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DRO significantly reduces the effects of packet loss by reordering the packets, so it only has to retransmit the lost packets and nothing else. DRO data throughput is often an order of magnitude greater than native throughput. Sometimes it's actually greater than the rated bandwidth (depending on the amount of bandwidth). These quantifiable throughput improvements can be traced directly to the cumulative effects of deduplication, compression, optimal window sizing, stacking, TCP termination and packet-loss mitigation.
Sometimes DRO throughput can be too efficient. It can completely seize the entire fat pipe, making it available only for those applications running through the DRO, which can block other apps from accessing the WAN. One way around this is to ensure the DRO product has rate-limiting capabilities or assigning only a fraction of the WAN bandwidth to the DRO (see "Data Replication Optimization [DRO] product comparison").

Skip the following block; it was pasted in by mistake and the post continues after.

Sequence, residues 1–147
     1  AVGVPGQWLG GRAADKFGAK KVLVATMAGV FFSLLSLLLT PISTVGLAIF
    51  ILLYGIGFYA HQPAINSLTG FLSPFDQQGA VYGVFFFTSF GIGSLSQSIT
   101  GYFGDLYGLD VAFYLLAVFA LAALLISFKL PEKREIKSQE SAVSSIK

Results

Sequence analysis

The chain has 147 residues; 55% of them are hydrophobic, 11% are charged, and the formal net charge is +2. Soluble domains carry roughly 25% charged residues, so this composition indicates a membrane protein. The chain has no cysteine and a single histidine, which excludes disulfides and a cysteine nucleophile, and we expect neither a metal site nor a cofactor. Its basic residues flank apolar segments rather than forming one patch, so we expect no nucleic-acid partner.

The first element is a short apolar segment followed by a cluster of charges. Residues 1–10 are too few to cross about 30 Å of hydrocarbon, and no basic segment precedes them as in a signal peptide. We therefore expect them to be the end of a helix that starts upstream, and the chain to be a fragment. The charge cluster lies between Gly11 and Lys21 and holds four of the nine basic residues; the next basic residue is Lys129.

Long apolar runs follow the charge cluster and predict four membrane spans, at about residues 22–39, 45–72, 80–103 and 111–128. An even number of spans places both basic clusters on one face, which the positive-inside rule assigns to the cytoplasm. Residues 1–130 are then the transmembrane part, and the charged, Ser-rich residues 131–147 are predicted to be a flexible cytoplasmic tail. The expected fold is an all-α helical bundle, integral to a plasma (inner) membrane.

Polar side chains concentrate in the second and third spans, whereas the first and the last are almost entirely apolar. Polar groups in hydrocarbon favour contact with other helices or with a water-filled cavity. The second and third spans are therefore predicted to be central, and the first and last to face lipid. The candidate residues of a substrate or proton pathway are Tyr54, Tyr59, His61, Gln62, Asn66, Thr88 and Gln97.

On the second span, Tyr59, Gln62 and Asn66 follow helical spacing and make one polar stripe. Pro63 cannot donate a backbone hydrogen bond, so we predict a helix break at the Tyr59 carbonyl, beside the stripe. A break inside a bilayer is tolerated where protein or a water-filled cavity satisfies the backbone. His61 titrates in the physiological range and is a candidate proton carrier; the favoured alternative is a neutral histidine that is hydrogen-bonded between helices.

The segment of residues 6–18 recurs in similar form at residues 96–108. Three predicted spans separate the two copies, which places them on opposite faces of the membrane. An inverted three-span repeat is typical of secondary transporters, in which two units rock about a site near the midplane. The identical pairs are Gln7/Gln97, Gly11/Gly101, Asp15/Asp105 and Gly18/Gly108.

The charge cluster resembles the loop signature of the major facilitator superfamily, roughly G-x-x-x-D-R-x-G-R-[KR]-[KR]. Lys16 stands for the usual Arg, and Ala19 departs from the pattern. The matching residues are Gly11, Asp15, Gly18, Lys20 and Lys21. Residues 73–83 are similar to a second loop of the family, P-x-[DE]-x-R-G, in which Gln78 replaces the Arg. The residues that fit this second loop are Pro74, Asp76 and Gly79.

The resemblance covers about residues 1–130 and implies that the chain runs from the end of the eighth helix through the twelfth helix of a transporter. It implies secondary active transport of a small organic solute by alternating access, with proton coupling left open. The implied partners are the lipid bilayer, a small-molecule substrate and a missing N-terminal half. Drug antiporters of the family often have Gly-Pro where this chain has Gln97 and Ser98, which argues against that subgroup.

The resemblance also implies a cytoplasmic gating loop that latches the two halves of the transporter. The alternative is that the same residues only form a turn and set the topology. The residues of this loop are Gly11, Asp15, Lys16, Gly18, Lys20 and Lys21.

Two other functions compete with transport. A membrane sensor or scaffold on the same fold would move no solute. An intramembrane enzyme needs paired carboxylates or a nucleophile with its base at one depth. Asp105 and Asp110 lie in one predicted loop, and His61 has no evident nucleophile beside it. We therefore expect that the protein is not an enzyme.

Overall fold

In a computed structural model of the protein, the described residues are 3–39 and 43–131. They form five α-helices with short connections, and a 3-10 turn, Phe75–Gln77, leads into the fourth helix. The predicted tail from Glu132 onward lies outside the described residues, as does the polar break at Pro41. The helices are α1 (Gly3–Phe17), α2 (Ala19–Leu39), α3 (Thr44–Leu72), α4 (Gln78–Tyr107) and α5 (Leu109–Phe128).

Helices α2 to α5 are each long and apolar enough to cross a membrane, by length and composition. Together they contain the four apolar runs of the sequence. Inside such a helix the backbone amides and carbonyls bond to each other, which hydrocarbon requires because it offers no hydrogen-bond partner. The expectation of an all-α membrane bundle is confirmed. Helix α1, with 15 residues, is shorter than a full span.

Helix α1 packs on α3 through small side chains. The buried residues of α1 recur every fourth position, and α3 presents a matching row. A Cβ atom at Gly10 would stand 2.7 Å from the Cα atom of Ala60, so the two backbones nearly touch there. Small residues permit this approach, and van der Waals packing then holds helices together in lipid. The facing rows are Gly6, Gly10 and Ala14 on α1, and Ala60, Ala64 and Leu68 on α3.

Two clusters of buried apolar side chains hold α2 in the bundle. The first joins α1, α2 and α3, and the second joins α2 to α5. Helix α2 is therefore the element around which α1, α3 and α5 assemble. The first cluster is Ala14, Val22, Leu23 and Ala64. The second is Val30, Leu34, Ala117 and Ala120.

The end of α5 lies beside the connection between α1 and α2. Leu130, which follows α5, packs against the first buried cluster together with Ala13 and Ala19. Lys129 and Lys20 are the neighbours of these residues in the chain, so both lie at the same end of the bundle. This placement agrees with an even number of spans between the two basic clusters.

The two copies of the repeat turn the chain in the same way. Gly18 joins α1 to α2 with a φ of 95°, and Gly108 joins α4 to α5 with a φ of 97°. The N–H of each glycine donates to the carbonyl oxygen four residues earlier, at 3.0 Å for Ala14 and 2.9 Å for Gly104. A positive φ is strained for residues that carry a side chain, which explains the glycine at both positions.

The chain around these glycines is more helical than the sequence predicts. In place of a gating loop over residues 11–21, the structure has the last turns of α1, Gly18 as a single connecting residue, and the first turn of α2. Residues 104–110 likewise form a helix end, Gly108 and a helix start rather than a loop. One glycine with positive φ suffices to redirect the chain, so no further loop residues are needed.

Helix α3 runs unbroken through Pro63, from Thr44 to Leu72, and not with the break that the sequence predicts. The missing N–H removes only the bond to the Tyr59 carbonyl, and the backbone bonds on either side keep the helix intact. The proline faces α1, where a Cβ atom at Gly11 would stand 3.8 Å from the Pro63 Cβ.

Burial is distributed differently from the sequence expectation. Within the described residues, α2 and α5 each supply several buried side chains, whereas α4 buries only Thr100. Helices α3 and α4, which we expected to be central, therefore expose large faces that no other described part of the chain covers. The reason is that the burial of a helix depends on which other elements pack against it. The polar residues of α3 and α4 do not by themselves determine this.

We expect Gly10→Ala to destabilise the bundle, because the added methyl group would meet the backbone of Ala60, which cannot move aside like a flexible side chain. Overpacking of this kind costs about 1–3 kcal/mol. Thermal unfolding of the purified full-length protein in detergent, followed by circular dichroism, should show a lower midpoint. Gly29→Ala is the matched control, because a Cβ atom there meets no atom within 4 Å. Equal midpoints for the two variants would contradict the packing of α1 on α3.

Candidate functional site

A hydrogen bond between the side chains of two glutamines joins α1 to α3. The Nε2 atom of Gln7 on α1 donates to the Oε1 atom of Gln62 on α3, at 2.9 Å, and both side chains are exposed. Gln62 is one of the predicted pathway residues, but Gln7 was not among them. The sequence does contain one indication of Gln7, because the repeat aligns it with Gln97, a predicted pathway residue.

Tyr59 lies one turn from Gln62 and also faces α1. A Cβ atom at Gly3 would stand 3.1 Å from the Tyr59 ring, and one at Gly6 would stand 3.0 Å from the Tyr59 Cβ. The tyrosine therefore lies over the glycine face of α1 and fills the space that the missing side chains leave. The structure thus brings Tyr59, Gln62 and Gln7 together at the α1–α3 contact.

DRO is an excellent choice when bandwidth is high, packet loss exceeds .1%, distances are greater than 300 kilometers and when data migration applications have to move massive amounts of data across the WAN. DRO isn't normally a good choice when the bandwidth to ROBOs is relatively "skinny" (typically 1.5 Mb/sec or less), there's no quantifiable packet loss and the distances are very short. DRO also isn't a good choice if the amount of data moved over the WAN is light or insignificant, such as Web
This was first published in January 2007